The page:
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State sues Tesla alleging widespread racial discrimination against Black workers at Fremont plant

Car company denies allegations; state agency accuses Tesla of turning 'blind eye to years of complaints'
(Stock image)

California's Department of Fair Employment and Housing (DFEH) brought suit last week against Tesla Inc., accusing the company of a far-reaching and pervasive pattern of racially discriminatory conduct against Black and African American workers at its Fremont plant.

The civil rights suit is the culmination of a three-year investigation into conditions at the plant. DFEH allegedly considered hundreds of complaints from workers and "found evidence that defendants subjected its Black and/or African American workers to racial harassment and discriminated against them in the terms and conditions of employment, including assignment, discipline, promotion, termination, and constructive discharge."

Tesla struck back even before the suit was filed, releasing a public statement that carried the provocative caption "The DFEH's Misguided Lawsuit." The statement challenged DFEH's credibility and claimed that the conduct investigated occurred in the period from 2015 and 2019 and ignored the company's recent efforts in diversity, equity and inclusion.

The release points out that Tesla is the only California car manufacturer and "provides the best paying jobs in the automotive industry to over 30,000 Californians."

The release goes on to say that Tesla is a world leader in innovation, sustainability and clean energy, and concludes that "attacking a company like Tesla that has done so much good for California should not be the overriding aim of a state agency with prosecutorial authority."

DFEH counted with its own public statement on Thursday, stating that Tesla "has turned a blind eye to years of complaints from Black workers protesting the near-constant use of racial slurs and derogatory language in the workplace, and the presence of racist writing and graffiti in common areas of the workplace, including swastikas and other hate symbols."

The Fremont plant was previously a General Motors facility. Tesla purchased it in 2010 and retooled it to produce electric vehicles. According to the DFEH complaint, the facility has 5.3 million square feet of space on 370 acres and employs more than 15,000 workers.

According to the state agency's allegations, Black and African American workers at the plant were subjected to daily racial slurs and graffiti -- including the "N-word," KKK signs, the Confederate flag and swastikas -- amidst ongoing discriminatory conduct.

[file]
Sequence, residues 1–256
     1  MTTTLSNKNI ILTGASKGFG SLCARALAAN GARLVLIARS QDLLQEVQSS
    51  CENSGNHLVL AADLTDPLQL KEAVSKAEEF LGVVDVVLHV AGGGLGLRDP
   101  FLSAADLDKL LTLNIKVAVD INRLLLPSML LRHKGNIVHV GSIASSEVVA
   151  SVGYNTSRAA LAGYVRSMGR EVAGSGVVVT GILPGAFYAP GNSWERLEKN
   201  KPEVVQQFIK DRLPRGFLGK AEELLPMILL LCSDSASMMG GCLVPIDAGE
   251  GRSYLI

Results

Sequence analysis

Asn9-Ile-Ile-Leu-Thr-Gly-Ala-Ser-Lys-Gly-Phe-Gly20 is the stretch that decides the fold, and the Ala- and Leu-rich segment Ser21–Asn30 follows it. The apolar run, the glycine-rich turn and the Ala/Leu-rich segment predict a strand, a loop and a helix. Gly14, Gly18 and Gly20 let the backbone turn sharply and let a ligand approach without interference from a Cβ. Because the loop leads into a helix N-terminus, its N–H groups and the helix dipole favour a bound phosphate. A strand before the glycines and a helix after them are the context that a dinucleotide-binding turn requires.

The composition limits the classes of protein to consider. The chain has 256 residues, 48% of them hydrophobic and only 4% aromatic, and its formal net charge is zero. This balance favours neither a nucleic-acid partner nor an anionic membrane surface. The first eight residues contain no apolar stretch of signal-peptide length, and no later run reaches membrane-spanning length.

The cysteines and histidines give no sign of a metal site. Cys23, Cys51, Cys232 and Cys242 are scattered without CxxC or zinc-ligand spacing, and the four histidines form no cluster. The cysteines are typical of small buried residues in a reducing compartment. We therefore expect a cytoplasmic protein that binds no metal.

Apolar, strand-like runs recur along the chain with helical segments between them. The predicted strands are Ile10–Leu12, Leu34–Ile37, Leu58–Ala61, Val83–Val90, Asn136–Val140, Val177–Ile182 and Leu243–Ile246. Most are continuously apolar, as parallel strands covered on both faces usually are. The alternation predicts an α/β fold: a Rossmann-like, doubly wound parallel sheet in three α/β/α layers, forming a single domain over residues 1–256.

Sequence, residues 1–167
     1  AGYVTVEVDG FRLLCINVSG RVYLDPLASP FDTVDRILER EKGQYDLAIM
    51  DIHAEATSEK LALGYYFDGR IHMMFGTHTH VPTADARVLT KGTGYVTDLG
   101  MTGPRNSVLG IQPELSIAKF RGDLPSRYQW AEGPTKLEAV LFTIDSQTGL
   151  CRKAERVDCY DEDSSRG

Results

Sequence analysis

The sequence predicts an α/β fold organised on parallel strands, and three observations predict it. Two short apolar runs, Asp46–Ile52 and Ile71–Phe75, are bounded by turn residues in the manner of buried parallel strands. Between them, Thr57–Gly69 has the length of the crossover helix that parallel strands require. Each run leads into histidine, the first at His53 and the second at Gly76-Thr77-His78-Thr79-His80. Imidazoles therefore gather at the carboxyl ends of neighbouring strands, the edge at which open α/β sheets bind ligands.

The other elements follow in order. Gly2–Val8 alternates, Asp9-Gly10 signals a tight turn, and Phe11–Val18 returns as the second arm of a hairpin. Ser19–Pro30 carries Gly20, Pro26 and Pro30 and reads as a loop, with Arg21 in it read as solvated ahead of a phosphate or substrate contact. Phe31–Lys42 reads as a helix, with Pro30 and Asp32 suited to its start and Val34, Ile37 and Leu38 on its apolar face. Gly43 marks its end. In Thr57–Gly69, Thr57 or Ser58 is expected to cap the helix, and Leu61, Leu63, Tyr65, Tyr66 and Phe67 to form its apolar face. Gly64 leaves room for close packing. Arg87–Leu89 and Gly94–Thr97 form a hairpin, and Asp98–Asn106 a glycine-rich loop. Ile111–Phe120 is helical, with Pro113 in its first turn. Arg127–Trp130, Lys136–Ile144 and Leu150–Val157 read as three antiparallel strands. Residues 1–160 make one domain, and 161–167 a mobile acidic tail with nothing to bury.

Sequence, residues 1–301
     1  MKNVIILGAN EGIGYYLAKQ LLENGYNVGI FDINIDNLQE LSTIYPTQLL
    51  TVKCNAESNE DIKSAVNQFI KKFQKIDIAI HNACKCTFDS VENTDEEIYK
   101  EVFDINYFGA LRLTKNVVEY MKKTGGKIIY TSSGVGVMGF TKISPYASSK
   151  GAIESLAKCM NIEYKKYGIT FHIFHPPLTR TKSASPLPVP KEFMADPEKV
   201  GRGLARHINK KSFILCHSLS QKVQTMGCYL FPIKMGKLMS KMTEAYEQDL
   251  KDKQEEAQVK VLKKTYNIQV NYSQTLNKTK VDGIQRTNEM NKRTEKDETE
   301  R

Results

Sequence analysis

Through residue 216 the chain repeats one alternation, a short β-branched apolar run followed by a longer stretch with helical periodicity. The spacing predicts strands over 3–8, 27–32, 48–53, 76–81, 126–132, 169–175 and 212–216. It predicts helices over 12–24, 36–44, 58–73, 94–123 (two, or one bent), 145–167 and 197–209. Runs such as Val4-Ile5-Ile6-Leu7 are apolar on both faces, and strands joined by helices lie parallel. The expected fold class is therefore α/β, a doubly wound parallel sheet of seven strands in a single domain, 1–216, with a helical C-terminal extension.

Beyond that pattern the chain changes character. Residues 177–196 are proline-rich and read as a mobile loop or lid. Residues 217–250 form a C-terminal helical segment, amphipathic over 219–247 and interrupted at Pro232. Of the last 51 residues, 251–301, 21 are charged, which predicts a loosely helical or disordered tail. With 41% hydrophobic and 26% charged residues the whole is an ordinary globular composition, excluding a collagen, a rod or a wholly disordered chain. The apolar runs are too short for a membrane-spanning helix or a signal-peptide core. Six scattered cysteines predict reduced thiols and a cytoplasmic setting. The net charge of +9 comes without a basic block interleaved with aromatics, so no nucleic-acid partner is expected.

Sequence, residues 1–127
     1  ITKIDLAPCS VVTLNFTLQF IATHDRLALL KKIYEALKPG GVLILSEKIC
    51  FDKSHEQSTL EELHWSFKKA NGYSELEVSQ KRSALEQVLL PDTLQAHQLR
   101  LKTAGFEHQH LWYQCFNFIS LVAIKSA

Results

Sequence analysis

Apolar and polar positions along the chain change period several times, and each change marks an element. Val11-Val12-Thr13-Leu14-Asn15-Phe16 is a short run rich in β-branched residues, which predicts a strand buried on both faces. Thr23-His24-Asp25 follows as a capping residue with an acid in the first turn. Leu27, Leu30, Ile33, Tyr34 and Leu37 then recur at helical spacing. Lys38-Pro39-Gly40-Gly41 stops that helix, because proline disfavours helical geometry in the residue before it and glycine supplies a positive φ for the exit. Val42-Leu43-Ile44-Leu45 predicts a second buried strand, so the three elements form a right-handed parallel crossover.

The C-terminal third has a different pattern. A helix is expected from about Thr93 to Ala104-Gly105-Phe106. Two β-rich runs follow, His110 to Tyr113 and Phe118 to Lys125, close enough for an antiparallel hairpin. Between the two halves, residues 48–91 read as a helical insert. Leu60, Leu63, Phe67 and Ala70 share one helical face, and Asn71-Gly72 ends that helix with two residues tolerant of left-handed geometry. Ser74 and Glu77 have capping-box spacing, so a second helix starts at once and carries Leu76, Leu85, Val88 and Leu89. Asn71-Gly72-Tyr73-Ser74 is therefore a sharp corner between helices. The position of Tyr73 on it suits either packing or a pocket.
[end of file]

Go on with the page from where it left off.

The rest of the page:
DFEH alleges that the plant was physically segregated, with Black workers assigned to work in separate areas and given work that was more physically challenging and dangerous than that assigned to white workers.

Complaints by Black workers were, according to DFEH, "ignored, immediately dismissed, or perfunctorily investigated and then dismissed."

The complaint reports that a common complaint of the workers DFEH interviewed was that Black and African American workers were "taunted by racial slurs and then baited into verbal and physical confrontations, where they, in turn, were the ones disciplined for being purportedly 'aggressive' or 'threatening.'"

DFEH alleges that the company's human resources function was chronically understaffed and unable or unwilling to deal with the issues.

The suit says that in recent years, Tesla has turned to outsourcing the hiring of workers to private staffing agencies. DFEH states that Tesla took this route because in the event of a complaint about a worker, the staffing agency would have to do the investigation.

The DFEH brought the suit on behalf of the people of California and also on behalf of a "group" -- like the "class" in a class action -- of workers at the Fremont plant.

The complaint lists separate claims for race discrimination by harassment, by job assignment, and in compensation, discipline, promotion, termination, discharge, retaliation, and pay.

In many of the claims, DFEH alleges that the company's actions "were willful, malicious, fraudulent, and oppressive, and were committed with the wrongful intent to injure Black and/or African American workers in conscious disregard of their rights."

DFEH seeks money damages as well as injunctive relief.

Tesla has not filed a formal response to the suit, although in its press release it says that it "will be asking the court to pause the case and take other steps to ensure that facts and evidence will be heard."

In its press release, Tesla alleged that "DFEH has been asked on almost 50 occasions by individuals who believe they were discriminated against or harassed to investigate Tesla. On every single occasion, when the DFEH closed an investigation, it did not find misconduct against Tesla."

It dismisses the suit as "a narrative spun by the DFEH and a handful of plaintiff firms to generate publicity."

In October 2021, Tesla was slapped with a $137 million jury award in a race discrimination case brought by a Black former employee who alleged racial abuse while working as an elevator operator at the company.

Tesla's contentious interactions with the state of California and Gov. Gavin Newsom, as well as fights with Alameda County over COVID-19 restrictions on plant operations, led to Tesla's announcement in October 2021 that it would move company headquarters from California to Austin, Texas.

The complaint suggests that the announcement was "another move to avoid accountability."

DFEH comments that "Tesla's brand, purportedly highlighting a socially conscious future, masks the reality of a company that profits from an army of production workers, many of whom are people of color, working under egregious conditions."

Tesla is one of the world's most valuable companies, with a market capitalization approaching $1 trillion.

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